When you’re suffering with back pain, often the recommendation is to perform exercises in order to strengthen the muscles in your back. This can often seem like unhelpful advice as, you’ll know if you’ve ever been to the gym, it takes time and patience to build muscle and strength. Unlike treatment or painkillers which would help to take the pain away probably immediately, strengthening can be very time consuming and take weeks. Maybe you’ve tried exercises in the past and made you worse or they just didn’t help, often the key is seeking treatment in the first instance to relieve pain if the problem is very acute and is flaring, or having patience with building strength and be more consistent with the exercises. Today we’re going to talk about the most effective way to strengthen your back and core.
Before you start with any exercises to strengthen your back or core, you need to first learn how to activate your core muscles. It’s something you hear endlessly in exercise classes but if you’ve never been taught how to activate your core, you might be wondering why this would be necessary. Well the answer is actually really important.
What Exercises Do We Recommend To Strengthen The Core?
To help with progressing the strength of your core, we often prescribe our patients exercises known as Bird Dog or Dead Bugs. To perform a bird dog, you’ll need to be kneeling on all fours with your weight balanced in the middle, hands should be underneath the shoulders and legs hip-width apart. Activate your core and simultaneously lift your right arm and left leg keeping your core and entire middle section stable. To do the exercise correctly, you’ll need to keep your hips parallel to the floor with no rotation occurring in the hips as you lift. Hold for a couple of seconds, and gently lower back to the starting position and repeat with the opposite side. The exercise helps to further strengthen your core and helps to stabilise your lower back as well.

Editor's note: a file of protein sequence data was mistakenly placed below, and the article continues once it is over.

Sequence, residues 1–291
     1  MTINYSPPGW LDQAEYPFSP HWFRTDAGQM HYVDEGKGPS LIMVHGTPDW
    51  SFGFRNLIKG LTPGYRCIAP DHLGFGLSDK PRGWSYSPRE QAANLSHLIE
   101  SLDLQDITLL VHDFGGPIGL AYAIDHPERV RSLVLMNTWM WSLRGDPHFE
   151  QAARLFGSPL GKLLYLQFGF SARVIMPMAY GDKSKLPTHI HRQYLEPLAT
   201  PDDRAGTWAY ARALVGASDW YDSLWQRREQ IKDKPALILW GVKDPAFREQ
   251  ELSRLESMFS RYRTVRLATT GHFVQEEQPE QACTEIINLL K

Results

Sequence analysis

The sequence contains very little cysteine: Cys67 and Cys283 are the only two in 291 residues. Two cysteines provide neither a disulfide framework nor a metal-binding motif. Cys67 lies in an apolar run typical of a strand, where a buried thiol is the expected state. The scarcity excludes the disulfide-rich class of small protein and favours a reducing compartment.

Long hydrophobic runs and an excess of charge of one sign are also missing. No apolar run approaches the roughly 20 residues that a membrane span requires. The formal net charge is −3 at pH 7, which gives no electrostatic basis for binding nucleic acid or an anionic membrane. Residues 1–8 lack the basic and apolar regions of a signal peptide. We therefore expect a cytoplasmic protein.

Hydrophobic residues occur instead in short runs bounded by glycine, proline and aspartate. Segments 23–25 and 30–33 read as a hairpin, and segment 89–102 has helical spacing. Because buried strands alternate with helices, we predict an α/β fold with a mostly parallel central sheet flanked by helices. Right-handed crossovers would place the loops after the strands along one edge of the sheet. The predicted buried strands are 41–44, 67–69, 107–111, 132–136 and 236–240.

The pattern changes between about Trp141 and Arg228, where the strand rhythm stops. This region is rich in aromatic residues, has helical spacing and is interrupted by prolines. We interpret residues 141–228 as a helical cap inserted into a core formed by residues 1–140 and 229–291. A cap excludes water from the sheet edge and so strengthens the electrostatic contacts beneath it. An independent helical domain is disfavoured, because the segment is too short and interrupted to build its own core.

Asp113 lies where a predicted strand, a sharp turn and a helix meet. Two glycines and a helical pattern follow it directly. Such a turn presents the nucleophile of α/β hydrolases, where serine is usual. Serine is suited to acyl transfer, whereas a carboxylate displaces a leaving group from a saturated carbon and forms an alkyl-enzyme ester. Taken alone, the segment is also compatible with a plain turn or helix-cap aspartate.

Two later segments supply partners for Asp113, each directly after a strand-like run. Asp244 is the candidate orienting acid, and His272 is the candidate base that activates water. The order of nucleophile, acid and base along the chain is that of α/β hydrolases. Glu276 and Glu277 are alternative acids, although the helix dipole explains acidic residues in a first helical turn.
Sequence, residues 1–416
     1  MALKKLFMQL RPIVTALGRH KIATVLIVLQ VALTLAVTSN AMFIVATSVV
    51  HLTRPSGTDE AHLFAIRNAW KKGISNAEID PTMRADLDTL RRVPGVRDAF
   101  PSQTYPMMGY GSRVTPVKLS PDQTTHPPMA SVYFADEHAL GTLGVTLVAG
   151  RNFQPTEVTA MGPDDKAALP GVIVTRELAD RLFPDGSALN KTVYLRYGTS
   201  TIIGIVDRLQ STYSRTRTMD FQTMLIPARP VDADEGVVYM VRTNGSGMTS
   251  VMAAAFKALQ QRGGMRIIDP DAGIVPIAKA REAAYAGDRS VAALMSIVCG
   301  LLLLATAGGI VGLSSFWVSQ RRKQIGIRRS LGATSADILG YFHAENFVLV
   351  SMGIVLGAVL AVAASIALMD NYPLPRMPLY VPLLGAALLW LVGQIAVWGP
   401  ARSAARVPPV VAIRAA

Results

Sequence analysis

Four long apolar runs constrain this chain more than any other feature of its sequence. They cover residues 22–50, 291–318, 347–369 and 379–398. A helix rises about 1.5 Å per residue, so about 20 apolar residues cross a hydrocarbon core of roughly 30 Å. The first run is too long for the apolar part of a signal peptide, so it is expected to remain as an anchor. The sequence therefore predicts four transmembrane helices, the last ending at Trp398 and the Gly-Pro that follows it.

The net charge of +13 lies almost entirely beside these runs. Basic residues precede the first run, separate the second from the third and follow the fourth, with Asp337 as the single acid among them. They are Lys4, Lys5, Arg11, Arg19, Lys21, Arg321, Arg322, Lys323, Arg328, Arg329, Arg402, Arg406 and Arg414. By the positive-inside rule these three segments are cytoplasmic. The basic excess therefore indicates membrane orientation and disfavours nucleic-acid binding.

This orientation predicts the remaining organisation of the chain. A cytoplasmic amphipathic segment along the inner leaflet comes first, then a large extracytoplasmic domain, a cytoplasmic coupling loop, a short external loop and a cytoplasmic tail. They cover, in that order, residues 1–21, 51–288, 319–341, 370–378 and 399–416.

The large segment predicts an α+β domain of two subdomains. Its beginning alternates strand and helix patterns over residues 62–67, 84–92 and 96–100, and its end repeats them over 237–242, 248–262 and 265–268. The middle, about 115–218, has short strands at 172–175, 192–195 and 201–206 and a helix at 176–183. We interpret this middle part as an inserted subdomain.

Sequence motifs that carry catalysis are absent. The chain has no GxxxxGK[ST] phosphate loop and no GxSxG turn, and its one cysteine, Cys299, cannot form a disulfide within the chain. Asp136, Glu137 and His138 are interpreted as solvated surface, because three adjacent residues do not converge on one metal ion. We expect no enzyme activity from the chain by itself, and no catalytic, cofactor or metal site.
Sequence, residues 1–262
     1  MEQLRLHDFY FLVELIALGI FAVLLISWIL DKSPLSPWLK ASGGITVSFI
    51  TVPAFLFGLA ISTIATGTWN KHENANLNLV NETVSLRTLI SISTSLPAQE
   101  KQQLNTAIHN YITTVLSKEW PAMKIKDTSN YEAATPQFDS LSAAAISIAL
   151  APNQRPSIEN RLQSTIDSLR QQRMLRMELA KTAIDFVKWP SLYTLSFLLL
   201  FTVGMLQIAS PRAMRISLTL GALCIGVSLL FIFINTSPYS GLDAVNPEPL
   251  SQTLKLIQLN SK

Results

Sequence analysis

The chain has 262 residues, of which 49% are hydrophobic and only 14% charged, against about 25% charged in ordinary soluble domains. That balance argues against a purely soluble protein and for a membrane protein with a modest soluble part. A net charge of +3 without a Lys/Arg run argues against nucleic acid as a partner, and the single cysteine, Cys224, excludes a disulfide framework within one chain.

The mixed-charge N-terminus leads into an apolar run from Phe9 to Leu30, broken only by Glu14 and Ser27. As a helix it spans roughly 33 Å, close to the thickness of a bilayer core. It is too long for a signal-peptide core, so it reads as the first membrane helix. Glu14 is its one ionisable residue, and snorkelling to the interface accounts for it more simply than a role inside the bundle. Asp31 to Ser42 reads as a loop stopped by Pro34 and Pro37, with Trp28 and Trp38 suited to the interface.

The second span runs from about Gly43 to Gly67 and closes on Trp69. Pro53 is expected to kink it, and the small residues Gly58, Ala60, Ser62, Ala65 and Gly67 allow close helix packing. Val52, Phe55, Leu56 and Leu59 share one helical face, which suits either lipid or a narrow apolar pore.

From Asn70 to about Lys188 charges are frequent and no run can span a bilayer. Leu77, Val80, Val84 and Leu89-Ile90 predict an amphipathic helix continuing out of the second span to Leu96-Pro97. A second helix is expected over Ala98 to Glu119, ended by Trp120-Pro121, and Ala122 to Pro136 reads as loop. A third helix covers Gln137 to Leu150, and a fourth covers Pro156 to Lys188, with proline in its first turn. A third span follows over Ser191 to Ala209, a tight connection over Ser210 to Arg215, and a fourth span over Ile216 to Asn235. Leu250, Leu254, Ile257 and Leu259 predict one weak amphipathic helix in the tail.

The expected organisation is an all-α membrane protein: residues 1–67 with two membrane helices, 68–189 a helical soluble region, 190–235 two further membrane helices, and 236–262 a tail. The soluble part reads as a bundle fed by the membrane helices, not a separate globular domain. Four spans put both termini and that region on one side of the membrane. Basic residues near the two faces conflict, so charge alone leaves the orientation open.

To perform Dead Bugs, you’ll need to lie on your back on the floor. Hold your arms out towards the ceiling, bring your legs up too but bent at the knee at a 90 degree angle. This is the starting position for the exercise, but you’ll also need to make sure that your back is completely flat against the floor – there shouldn’t be any space to put a hand between your back and the floor. Engage your core and slowly, with controlled movement, lower your right arm and left leg at the same time. Exhale as you lower until the arm and leg are just above the floor, or as far as you can without raising your back off the floor. Slowly return to the starting position and repeat using your opposite arm and leg. If lowering both an arm and a leg is difficult, try instead just lowering one arm or one leg, or both arms at first, and see if you can complete the exercise without arching your back at all. If you’re struggling to do the exercise without separating your back from the floor, you’ll need to adjust the exercise slightly to accommodate for your fitness level.
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